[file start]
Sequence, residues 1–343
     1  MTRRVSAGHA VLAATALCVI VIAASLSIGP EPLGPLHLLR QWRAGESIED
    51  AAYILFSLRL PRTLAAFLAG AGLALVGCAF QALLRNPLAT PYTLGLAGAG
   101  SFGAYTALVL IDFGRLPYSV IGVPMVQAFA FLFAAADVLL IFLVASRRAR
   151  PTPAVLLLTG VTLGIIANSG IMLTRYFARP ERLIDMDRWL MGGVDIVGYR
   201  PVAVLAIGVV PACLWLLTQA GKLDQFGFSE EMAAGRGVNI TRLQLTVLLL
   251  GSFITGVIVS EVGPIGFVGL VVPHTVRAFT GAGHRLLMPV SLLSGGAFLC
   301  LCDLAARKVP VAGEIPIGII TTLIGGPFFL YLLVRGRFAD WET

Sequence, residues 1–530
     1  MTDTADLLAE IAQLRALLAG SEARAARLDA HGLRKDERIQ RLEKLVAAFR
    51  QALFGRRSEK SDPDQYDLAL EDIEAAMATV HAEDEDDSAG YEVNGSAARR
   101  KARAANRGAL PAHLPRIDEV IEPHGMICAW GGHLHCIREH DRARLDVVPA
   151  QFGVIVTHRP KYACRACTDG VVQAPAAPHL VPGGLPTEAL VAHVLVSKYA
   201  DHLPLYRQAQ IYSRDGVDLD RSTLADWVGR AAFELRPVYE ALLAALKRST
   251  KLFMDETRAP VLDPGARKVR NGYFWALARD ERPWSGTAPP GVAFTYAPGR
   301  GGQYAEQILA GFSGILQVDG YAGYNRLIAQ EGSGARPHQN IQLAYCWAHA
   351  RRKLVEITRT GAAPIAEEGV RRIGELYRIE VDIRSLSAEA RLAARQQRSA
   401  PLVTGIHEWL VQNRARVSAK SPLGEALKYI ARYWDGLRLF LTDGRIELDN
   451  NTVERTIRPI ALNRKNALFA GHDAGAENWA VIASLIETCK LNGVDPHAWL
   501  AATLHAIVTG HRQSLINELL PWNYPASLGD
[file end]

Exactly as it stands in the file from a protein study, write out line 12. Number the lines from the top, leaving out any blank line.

   101  KARAANRGAL PAHLPRIDEV IEPHGMICAW GGHLHCIREH DRARLDVVPA